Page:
The infinite knowledge of God ought to fill us with holy awe. Nothing we do, say, or even think, escapes the cognizance of Him with whom we have to do: "The eyes of the LORD are in every place, beholding the evil and the good" (Proverbs 15:3). What a curb this would be unto us, did we but meditate upon it more frequently! Instead of acting recklessly, we should say with Hagar, "Thou God seest me" (Genesis 16:13).
The apprehension of God's infinite knowledge should fill the Christian with adoration. The whole of my life stood open to His view from the beginning. He foresaw my every fall, my every sin, my every backsliding; yet, nevertheless, fixed His heart upon me. Oh, how the realization of this should bow me in wonder and worship before Him!
"Great is our Lord, and of great power: His understanding is infinite" (Psalm 147:5). God not only knows whatsoever has happened in the past in every part of His vast domains, and He is not only thoroughly acquainted with everything that is now transpiring throughout the entire universe, but He is also perfectly cognizant of every event, from the least to the greatest, that ever will happen in the ages to come. God's knowledge of the future is as complete as is His knowledge of the past and the present, and that is because the future depends entirely upon Himself.
Were it in anywise possible for something to occur apart from either the direct agency or permission of God, then that something would be independent of Him, and He would at once cease to be Supreme.
Now the divine knowledge of the future is not a mere abstraction, but something which is inseparably connected with and accompanied by His purpose. God has Himself designed whatsoever shall yet be, and what He has designed must be effectuated. As His most sure Word affirms, "He doeth according to His will in the army of heaven, and among the inhabitants of the earth: and none can stay His hand" (Daniel 4:35). And again, "There are many devices in a man's heart; nevertheless the counsel of the Lord, that shall stand" (Proverbs 19:21).
The wisdom and power of God being alike infinite, the accomplishment of whatever He has purposed is absolutely guaranteed. It is no more possible for the divine counsels to fail in their execution than it would be for the thrice holy God to lie.
To the believer, the fact of God's omniscience is a truth fraught with much comfort. In times of perplexity he says with Job, "But He knows the way that I take" (23:10). It may be profoundly mysterious to me, quite incomprehensible to my friends, but "He knows"! In times of weariness and weakness believers assure themselves, "He knows our frame; He remembers that we are dust" (Psalm 103:14). In times of doubt and suspicion they appeal to this very attribute, saying, "Search me, O God, and know my heart: try me, and know my thoughts: and see if there be any wicked way in me, and lead me in the way everlasting" (Psalm 139:23,24).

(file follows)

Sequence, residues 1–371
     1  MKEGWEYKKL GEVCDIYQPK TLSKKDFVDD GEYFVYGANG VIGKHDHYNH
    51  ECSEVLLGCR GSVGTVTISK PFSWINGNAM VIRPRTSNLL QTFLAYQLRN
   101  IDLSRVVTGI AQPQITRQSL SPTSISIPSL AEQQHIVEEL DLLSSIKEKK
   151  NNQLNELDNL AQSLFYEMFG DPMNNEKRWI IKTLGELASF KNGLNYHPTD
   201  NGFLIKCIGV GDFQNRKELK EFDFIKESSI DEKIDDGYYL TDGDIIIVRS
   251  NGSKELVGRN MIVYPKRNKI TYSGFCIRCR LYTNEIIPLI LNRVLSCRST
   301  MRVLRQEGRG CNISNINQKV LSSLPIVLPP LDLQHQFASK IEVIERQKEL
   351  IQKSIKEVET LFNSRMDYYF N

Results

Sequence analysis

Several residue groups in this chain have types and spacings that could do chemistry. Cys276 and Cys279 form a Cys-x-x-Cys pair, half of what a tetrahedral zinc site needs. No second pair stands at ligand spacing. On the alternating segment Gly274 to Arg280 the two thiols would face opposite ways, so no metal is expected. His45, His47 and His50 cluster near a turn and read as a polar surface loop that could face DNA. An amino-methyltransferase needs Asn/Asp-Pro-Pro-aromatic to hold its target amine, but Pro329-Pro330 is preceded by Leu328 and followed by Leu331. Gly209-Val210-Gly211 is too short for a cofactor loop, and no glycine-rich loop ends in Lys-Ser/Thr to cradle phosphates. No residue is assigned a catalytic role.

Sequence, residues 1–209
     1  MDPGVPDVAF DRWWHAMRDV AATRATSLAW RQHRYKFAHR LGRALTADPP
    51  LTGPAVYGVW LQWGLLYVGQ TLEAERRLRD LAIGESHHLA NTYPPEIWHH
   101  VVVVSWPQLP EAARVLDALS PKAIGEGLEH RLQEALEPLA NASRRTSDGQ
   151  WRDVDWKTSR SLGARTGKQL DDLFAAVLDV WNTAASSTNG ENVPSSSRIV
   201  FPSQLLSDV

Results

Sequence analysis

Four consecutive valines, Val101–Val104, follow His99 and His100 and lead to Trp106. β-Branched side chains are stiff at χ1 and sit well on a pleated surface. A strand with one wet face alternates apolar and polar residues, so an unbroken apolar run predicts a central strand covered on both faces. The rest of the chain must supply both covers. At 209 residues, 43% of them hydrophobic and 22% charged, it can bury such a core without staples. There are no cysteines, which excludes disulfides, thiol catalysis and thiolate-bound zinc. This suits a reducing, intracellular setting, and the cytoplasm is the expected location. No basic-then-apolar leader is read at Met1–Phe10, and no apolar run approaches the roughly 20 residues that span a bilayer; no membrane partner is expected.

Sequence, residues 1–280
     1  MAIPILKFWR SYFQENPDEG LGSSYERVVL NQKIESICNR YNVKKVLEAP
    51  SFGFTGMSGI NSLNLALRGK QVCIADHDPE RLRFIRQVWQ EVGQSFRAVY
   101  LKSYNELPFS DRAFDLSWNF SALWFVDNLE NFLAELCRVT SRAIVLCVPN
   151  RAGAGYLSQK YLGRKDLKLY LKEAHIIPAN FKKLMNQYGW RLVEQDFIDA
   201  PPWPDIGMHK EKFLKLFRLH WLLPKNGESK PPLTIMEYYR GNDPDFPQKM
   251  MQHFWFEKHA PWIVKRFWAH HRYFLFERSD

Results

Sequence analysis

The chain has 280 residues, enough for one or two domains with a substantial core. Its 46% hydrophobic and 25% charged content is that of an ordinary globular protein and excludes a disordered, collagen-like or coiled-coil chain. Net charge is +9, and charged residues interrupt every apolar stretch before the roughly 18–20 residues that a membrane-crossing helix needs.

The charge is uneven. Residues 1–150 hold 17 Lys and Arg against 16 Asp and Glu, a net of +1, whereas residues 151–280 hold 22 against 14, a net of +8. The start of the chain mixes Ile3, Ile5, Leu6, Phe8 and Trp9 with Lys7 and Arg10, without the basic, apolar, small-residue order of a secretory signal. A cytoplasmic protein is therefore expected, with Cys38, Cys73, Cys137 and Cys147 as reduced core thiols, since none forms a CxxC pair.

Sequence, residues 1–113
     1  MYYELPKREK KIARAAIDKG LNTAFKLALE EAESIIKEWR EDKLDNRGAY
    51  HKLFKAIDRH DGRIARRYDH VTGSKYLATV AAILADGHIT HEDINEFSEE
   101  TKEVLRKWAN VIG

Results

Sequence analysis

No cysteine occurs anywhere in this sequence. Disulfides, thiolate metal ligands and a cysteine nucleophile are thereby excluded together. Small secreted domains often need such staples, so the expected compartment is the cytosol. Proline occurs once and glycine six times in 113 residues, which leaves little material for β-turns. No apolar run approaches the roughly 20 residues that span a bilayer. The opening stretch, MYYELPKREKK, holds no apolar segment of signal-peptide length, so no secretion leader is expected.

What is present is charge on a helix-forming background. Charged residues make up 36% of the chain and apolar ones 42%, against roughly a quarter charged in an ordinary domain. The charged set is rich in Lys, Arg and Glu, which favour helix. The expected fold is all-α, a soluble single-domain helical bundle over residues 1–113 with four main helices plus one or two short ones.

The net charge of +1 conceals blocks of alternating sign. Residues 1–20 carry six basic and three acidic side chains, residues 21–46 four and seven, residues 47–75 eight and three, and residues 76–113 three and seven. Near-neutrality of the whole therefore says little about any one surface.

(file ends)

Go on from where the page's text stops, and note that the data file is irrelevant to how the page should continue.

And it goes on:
In time of sad failure, when our actions have belied our hearts, when our deeds have repudiated our devotion, and the searching question comes to us, "Lovest thou Me?", we say, as Peter did, "Lord, Thou knowest all things; Thou knowest that I love Thee" (John 21:17).
Here is encouragement to prayer. There is no cause for fearing that the petitions of the righteous will not be heard, or that their sighs and tears shall escape the notice of God, since He knows the thoughts and intents of the heart. There is no danger of the individual saint being overlooked amidst the multitude of supplicants who daily and hourly present their various petitions, for an infinite Mind is as capable of paying the same attention to millions as if only one individual were seeking its attention. So too the lack of appropriate language, the inability to give expression to the deepest longing of the soul, will not jeopardize our prayers, for "It shall come to pass, that before they call, I will answer; and while they are yet speaking, I will hear" (Isaiah 65:24).
Editor's note: To these wonderful thoughts we would add these words of the Spirit through the Apostle Paul, in which He tells us of the continual conversation among the Persons of the Godhead on behalf of the saints:
Likewise the Spirit also helps in our weaknesses. For we do not know what we should pray for as we ought, but the Spirit Himself makes intercession for us with groanings which cannot be uttered. Now He who searches the hearts [that is, our Lord Jesus] knows what the mind of the Spirit is, because He makes intercession for the saints according to the will of God. And we know that all things work together for good to those who love God, to those who are the called according to His purpose. For whom He foreknew, He also predestined to be conformed to the image of His Son, that He might be the firstborn among many brethren. Moreover whom He predestined, these He also called; whom He called, these He also justified; and whom He justified, these He also glorified. What then shall we say to these things? If God is for us, who can be against us? (Romans 8:26-31)
How solemn is this fact: Nothing can be concealed from God! "For I know the things that come into your mind, every one of them" (Ezekiel 11:5). Though He is invisible to us, we are not to Him. Neither the darkness of night, the closest curtains, nor the deepest dungeon can hide any sinner from the eyes of Omniscience.
The trees of the Garden were not able to conceal our first parents. No human eye beheld Cain murder his brother, but his Maker witnessed his crime. Sarah might laugh derisively in the seclusion of her tent, yet was it heard by Jehovah. Achan stole a wedge of gold and carefully hid it in the earth, but God brought it to light. David was at much pains to cover up his wickedness, but ere long the all-seeing God sent one of His servants to say to him, "Thou art the man!" (2 Samuel 12:7). And to writer and reader is also said, "Be sure your sin will find you out" (Numbers 32:23).